Saturday, June 18, 2016


Art || When the Family Business Is a Gallery


When the Family Business Is a Gallery

The gallerist Paula Cooper, right, with her son Lucas when he was a child. Lucas now handles communications for his mother’s gallery — and is one of many art-world offspring who elected to join the family business. Credit Courtesy Paula Cooper Gallery, New York
Last week, the Parisian gallerist Almine Rech announced that her son, Paul de Froment, will be the director of her forthcoming New York outpost. The news brought to mind another recent opening: Lisson’s New York gallery, where the second-generation dealer Alex Logsdail serves as the international director. His father, the British art dealer Nicholas Logsdail, co-founded Lisson in 1967, brought Alex into the business in 2009 and made him director in 2011. Logsdail and Rech are not alone: many major players, including David Zwirner, Arne Glimcher and Sean Kelly, have made room for their children in their businesses.

Nicholas (left) and Alex Logsdail in 2015. Credit Roberto Chamorro
As the son of Arne Glimcher — the dealer who nurtured the careers of Robert Rauschenberg and Jean Dubuffet — Pace president Marc Glimcher now effectively runs his father’s international gallery. Schooled in molecular biology and immunology, Marc initially stayed away from the gallery at his father’s request, but found himself habitually returning. “At some point, if your parent is Arne Glimcher or Paula Cooper or Rudolf Zwirner, you have to confront two things. You have to come to peace with the idea that you’re going to do the same thing that your father did, and your father was pretty great at it,” Marc says. “You also have to come to grips with the fact that he started it from scratch and you are never going to do that. It’s an internal struggle that took me 20 years to untangle.”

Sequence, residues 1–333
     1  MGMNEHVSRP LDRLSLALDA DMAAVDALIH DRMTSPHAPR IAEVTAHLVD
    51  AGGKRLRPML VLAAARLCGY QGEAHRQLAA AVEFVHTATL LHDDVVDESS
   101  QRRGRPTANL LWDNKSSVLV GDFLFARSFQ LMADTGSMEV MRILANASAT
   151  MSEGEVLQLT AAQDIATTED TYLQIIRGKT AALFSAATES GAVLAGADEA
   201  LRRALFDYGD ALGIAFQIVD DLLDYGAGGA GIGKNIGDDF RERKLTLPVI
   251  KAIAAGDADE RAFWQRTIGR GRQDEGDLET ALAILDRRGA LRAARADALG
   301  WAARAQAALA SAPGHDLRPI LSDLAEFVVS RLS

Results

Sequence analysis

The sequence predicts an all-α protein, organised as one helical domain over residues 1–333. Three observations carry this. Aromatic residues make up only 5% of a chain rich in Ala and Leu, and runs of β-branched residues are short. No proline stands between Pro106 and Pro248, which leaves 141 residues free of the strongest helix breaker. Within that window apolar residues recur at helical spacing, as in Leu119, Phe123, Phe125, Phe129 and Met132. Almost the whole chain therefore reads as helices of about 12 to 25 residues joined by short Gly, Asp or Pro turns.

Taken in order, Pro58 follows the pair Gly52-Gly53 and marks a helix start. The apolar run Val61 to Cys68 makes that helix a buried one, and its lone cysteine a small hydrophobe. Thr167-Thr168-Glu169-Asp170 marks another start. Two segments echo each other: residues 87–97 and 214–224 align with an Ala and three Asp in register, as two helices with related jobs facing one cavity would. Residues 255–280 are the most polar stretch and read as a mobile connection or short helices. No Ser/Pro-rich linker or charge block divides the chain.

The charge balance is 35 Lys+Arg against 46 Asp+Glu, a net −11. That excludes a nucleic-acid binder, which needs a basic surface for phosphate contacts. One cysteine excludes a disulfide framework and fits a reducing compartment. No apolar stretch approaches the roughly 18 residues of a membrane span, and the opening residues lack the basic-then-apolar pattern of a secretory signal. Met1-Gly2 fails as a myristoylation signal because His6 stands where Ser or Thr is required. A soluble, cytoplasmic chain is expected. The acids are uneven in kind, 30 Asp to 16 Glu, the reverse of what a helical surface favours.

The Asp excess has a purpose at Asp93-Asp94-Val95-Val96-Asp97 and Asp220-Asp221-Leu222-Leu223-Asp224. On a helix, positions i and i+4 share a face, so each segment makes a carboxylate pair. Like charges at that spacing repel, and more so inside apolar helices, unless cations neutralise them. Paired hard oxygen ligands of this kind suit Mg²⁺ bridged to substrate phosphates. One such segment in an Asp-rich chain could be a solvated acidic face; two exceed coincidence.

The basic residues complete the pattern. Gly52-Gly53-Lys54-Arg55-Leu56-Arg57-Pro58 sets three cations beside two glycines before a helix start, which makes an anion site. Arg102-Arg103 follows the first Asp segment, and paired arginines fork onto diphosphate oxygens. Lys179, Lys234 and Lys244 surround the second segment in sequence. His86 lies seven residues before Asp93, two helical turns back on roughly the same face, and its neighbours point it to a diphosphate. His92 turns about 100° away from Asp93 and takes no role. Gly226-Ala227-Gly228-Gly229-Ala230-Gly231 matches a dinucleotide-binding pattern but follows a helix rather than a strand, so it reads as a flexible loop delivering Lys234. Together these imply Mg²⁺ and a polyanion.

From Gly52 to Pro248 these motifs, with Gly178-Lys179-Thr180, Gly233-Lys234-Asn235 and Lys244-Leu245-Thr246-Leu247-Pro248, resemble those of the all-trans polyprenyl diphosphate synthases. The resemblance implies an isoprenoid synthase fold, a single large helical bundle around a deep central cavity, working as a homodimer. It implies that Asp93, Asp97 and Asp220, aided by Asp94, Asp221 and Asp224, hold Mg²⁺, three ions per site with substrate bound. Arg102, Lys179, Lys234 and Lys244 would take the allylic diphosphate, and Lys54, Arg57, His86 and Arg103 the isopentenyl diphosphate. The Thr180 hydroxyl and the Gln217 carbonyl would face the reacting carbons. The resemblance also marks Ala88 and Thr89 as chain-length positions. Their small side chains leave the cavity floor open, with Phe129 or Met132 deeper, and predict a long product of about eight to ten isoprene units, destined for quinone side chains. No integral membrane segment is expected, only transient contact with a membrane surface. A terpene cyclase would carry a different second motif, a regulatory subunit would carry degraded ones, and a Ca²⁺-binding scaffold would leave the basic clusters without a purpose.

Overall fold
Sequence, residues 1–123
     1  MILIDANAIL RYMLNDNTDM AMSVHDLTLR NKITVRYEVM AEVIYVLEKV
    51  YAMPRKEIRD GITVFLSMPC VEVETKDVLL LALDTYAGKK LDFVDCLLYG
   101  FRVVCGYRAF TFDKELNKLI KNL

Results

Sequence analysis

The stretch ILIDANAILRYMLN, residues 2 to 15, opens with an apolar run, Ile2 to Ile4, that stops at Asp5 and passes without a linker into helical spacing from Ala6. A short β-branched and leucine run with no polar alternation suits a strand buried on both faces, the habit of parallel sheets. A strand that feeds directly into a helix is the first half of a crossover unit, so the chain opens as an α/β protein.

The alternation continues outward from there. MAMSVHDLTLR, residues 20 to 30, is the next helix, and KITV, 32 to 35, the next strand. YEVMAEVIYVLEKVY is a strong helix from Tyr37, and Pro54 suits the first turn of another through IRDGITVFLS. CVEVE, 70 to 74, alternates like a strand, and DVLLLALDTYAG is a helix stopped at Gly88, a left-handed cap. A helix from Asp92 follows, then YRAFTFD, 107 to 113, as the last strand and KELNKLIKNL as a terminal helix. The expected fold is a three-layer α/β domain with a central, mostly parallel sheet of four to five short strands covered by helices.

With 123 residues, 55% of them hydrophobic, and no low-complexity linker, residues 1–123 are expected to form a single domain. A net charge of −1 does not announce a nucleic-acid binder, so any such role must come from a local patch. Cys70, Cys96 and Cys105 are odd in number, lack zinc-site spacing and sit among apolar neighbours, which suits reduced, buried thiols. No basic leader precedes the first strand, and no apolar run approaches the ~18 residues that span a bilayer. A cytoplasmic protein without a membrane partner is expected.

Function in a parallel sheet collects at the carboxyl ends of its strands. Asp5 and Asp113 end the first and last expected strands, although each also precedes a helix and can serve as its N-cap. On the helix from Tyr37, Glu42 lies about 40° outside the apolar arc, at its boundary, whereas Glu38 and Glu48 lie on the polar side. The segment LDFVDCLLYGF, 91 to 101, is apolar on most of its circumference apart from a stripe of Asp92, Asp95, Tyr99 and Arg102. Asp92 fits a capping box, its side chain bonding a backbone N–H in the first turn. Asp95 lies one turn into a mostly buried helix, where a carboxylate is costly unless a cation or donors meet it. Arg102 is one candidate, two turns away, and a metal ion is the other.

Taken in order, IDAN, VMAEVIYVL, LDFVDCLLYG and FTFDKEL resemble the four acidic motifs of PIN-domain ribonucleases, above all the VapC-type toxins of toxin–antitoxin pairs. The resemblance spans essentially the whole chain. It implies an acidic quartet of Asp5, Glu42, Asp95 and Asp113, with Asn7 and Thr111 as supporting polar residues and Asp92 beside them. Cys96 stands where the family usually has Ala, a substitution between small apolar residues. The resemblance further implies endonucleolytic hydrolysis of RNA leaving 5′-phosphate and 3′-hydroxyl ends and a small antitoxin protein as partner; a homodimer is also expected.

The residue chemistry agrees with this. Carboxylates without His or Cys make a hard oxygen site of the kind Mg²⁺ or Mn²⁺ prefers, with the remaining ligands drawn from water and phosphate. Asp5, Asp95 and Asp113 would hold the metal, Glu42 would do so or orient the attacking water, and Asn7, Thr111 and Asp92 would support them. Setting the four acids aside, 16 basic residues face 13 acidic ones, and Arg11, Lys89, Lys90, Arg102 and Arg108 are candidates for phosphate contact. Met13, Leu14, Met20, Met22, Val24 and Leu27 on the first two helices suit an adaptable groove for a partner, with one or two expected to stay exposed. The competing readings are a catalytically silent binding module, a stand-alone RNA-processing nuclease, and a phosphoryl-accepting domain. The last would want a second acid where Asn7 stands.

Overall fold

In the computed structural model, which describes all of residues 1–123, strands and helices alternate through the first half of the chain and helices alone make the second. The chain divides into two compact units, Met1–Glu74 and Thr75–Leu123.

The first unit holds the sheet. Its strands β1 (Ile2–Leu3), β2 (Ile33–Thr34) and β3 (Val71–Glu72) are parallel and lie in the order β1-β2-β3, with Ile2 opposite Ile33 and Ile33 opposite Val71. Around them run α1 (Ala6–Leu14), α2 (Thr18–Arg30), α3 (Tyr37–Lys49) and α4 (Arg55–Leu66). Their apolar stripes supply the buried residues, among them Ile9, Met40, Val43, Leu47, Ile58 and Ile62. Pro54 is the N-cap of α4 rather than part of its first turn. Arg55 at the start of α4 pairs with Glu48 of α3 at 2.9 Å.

Marc had to call in his longtime friend, Matthew Marks, to vouch for him, but eventually convinced Arne. “When my children were little, I said I’d support them with anything but coming into Pace,” Arne says. “If anything, Marc did this in spite of me. He has very much his own identity, and I feel at this point that I work for Marc more than he works for me. I’m very privileged.” Marc’s first assignment, a book on Picasso’s sketchbooks, eventually led him to start a publishing house of his own, called Second Sons.

David Zwirner (center) and his family during a Franz West exhibition at the gallery in 1996. Credit Courtesy David Zwirner Books
Lucas Zwirner, 25, is attempting to do the same thing at the recently established David Zwirner Books, the imprint of his father’s namesake gallery. A third-generation gallerist, Lucas will inevitably face the same scrutiny his father endured in trying to outrun the legacy of Rudolf Zwirner, the legendary German dealer who revolutionized Cologne with artists like Cy Twombly and Joseph Beuys in the ’60s. “I look at it this way, the publishing house is this post that every artist passes through. Over the course of five years, you’ve probably worked with 80 percent of the artists in the gallery stable,” says Lucas, who studied philosophy and literature. (Lucas’s younger sister is now interning at David Zwirner’s pop-up bookshop, too.)